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OSU Project Helps Grow Olives in Oregon

OSU Project Helps Grow Olives in Oregon

While Oregon, with its rainy, cold winters may not jump to mind, Oregon State University’s Olea Project is working closely with farmers to make Oregon a more viable olive producer.

In 2017, after Oregon olive farmers reached out to researchers at OSU, the Olea Project was founded with, according to the project’s website, “goals of making olive production economically feasible and reducing climatic limitations for olive growers during establishment in Oregon’s unique growing conditions.”

Though the project consists only of a team of three – retired Community Horticulturist Neil Bell, Community Horticulturist and Small Farms Extension Agent for Yamhill County Heather Stoven, and Agricultural Outreach Coordinator Hayley White – the project has been very active in the past six years in developing olives into a more viable crop for Oregon farmers.

“ The Olea Project received a couple grants to help out with olive growers and then it’s just kind of gone from there,” Stoven said. “There’s been a lot of interest (in the program). And so we’ve done our best to keep this project going as well as we can with our capacities.”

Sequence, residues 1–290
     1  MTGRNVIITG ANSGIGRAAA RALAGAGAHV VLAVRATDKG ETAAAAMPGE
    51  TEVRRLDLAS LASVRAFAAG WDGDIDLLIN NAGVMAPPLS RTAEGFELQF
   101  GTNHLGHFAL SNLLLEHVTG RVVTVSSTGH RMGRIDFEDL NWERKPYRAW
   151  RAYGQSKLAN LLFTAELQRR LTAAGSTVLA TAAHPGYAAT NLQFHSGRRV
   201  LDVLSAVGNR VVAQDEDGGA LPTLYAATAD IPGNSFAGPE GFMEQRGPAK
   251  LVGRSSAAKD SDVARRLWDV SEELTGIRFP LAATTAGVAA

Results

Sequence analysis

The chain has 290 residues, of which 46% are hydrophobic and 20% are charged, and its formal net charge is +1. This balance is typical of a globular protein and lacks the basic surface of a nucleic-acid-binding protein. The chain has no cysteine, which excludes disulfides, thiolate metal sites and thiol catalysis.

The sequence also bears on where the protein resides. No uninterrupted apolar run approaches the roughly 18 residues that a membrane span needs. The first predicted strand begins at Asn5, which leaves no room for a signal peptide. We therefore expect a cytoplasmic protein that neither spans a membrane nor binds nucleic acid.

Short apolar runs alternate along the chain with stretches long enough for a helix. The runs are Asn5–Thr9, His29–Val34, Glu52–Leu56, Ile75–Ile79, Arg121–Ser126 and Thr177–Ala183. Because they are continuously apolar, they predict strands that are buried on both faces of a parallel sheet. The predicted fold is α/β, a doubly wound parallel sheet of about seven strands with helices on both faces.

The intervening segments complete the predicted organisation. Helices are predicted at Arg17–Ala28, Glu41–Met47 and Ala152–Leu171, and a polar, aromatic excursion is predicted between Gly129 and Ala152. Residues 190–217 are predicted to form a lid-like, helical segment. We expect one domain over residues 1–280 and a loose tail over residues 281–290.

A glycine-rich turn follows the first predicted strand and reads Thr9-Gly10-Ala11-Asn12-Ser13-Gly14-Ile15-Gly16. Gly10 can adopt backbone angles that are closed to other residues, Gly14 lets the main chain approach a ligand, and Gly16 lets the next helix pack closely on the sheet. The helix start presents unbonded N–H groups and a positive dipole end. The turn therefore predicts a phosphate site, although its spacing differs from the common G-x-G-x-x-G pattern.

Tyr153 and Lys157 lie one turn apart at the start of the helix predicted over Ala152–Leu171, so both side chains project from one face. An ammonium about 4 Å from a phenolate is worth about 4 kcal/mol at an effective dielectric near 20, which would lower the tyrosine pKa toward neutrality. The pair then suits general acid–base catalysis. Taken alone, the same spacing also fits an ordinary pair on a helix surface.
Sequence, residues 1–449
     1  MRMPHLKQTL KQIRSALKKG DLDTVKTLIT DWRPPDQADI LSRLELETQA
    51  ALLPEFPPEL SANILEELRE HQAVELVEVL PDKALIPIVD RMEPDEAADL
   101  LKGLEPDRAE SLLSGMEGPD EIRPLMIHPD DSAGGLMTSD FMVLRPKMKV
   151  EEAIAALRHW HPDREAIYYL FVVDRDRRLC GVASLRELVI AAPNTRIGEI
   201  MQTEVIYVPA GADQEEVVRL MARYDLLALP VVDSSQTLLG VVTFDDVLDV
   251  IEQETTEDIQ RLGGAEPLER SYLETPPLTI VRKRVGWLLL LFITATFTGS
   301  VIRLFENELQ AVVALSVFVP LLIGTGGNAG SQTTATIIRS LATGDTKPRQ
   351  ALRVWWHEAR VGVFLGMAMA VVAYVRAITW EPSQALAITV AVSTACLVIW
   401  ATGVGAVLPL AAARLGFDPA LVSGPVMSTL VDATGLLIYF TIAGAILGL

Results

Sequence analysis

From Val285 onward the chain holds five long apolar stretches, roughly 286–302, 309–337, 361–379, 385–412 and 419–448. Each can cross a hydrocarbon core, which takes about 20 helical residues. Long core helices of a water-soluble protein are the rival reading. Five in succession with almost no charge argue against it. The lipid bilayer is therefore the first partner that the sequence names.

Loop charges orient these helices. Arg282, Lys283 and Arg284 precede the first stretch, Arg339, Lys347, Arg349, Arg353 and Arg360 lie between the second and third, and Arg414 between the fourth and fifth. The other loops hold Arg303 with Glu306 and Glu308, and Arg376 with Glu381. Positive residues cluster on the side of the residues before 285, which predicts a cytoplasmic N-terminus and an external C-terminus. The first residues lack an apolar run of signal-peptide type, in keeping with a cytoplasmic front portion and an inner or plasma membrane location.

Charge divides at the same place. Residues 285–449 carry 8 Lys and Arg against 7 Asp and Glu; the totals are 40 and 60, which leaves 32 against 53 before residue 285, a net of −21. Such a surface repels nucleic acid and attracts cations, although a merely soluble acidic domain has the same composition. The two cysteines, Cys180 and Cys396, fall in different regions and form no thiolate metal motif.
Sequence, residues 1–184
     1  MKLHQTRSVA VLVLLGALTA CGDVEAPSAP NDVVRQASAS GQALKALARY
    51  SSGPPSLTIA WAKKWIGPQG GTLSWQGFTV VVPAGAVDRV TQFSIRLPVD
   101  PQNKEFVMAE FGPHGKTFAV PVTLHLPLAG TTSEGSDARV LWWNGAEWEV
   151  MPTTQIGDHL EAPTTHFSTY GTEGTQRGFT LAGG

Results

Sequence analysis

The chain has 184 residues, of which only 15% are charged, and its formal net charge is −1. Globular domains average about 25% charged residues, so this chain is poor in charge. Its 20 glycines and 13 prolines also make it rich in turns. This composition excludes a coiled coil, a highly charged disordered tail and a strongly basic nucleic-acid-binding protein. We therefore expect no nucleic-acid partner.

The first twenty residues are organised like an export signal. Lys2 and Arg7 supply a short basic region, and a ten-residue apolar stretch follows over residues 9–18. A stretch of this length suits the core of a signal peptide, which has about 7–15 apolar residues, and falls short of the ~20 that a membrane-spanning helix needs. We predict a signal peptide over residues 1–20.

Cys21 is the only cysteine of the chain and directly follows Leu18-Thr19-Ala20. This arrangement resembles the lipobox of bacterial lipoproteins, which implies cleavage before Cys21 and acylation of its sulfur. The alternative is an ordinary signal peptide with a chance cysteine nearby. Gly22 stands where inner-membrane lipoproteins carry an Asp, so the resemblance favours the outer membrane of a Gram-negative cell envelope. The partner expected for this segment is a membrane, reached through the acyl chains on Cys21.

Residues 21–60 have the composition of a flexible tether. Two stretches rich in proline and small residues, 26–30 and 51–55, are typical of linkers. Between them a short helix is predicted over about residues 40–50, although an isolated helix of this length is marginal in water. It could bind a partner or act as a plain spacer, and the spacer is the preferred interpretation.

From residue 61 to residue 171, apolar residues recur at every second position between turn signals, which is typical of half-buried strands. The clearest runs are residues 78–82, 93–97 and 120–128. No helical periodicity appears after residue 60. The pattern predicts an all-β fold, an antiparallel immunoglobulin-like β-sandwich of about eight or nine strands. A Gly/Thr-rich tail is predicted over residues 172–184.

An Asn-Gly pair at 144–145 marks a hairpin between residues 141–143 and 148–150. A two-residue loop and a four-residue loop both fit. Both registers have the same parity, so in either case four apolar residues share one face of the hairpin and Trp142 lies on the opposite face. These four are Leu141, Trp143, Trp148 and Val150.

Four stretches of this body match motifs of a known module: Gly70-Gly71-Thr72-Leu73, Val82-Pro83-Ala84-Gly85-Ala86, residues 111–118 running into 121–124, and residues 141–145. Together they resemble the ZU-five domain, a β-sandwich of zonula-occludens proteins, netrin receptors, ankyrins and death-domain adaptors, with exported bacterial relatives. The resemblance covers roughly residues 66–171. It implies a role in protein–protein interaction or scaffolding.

The unique qualifications of the team members help to offset some of the issues that having such a small research team may otherwise experience.

“For many years, Heather Stoven and I have researched woody landscape plants for un-irrigated landscapes in the Willamette Valley, collecting data on cold hardiness, growth, flowering and pest and disease issues,’ Bell said. “Although olive is a tree fruit crop, the basic idea and methodology is similar to the work we had already been doing.”

Bell went on to say that a big factor in his initial involvement in the project was the opportunity to learn about olives and to provide better cultivars to the olive growers in the Willamette Valley.

As it turns out, though olives originally come from the hotter, drier Mediterranean region, with a little help, they grow quite well in Oregon.

“Olives grow well in Oregon and produce fruit which bear a very good quality oil,” Bell said. “The origin of the species, Olea europaea, is the Mediterranean basin, where much of the world’s production occurs. It has been cultivated there for thousands of years and hundreds of cultivars exist, most of which are not available in North America.” More